Young women from Marsh Green have been busy fixing up cars and breaking down stereotypes after completing a course in basic car maintenance.
Marsh Green Girls Group have completed the course at the Fix It project, learning everything from changing tyres and fixing brake pads to balancing wheels and basic engine maintenance.
Fix It is a Spring View-based charity helping young people learn car maintenance skills and putting them on the road to work in the motoring industry.
Operations Manager Jayne Kelly said: ”The course has given the girls confidence around cars and breaks down the stereotypes that only boys can be good at mechanics.
“This group have worked so hard and in many ways have done better because they are all female. They have been more meticulous in their work and have been eager to take direction.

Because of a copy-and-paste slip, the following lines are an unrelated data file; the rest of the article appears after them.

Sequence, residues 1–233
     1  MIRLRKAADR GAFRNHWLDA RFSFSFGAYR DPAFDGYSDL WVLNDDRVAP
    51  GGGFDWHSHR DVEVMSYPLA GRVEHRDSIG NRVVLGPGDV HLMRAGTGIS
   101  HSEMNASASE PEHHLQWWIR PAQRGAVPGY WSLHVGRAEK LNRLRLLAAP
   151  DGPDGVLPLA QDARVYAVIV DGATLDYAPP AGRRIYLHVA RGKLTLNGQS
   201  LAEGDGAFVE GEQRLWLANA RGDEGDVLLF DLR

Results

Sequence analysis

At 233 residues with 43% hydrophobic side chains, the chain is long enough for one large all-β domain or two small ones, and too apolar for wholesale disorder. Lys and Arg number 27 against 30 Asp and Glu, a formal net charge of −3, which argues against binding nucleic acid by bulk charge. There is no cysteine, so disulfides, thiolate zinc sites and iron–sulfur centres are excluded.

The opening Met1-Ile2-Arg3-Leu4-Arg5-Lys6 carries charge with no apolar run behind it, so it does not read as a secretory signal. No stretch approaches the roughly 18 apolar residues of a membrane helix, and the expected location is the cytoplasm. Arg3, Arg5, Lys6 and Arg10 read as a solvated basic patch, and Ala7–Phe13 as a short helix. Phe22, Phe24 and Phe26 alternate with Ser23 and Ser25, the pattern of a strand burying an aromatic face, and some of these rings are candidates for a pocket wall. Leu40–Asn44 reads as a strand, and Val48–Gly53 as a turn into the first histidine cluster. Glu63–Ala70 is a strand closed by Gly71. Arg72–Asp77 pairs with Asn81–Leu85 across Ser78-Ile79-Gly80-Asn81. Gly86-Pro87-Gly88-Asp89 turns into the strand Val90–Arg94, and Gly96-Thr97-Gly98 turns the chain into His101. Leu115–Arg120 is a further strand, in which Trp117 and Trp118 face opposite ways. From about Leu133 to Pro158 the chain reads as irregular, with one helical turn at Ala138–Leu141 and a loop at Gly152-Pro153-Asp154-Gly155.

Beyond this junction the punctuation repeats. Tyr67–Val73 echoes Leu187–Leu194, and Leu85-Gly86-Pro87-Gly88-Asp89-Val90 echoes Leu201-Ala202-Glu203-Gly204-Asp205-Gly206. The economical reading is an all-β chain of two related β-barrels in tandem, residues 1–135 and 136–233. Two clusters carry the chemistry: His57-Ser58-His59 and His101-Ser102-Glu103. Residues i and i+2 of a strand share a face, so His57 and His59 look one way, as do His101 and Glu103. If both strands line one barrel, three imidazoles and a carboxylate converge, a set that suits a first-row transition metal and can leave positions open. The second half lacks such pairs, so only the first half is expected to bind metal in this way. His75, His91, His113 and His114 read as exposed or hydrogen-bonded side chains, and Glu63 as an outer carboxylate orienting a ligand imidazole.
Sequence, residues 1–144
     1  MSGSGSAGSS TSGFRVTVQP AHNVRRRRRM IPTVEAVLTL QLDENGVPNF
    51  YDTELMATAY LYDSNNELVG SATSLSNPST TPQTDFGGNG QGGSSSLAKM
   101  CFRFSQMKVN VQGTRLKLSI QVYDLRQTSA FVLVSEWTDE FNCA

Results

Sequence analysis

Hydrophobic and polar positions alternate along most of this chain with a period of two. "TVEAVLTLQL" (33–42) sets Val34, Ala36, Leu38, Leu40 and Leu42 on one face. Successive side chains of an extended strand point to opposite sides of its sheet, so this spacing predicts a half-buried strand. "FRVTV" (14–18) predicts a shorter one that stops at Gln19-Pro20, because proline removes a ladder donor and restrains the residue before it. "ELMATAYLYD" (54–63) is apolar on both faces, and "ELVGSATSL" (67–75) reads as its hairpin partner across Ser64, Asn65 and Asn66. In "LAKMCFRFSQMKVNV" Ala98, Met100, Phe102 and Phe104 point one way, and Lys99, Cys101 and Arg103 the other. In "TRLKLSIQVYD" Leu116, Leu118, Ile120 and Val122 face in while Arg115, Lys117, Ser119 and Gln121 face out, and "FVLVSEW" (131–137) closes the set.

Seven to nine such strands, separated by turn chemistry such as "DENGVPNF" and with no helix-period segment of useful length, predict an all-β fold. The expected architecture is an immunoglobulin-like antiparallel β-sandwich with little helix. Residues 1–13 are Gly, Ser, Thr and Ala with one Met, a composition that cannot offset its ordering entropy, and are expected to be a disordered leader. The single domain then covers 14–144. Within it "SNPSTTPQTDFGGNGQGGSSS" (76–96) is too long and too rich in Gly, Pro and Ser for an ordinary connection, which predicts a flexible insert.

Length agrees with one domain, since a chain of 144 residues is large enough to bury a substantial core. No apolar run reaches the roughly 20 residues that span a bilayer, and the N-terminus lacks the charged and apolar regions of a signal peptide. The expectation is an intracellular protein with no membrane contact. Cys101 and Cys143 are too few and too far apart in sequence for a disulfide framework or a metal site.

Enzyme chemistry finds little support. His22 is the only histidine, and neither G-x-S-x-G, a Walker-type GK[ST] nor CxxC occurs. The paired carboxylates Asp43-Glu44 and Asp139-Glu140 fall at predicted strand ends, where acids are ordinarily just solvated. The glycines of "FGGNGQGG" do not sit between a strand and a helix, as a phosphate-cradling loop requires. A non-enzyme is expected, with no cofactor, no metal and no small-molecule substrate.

“It is quite amazing that they have come every week after school and have never missed a session. It just goes to show the commitment young people can have – If there is something there for young people to get involved with then will do it.”
Meagan Glynn, 15, has been inspired to enrol to study mechanics at Wigan and Leigh College from September.
She said: “When our youth worker first suggested doing this project I instantly thought: ‘Let’s go!’
“I was really excited about it, and now I really like knowing how different parts of a car work and how easy it to fix them.”
The project was funded and co-ordinated by Wigan Council’s Youth Service and the Positive Activities for Young People team.
The work will also contribute to the girls completing their Duke of Edinburgh’s Silver Award
Youth worker Carmel Parr said: “The project was all about raising their aspirations and proving to them they can do anything they set their minds to.
“Some of them have just started driving lessons so when they pass their driving tests this will help them with car maintenance. They’ll also be able to recognise what is a fair price quote if they ever need work doing at a garage.”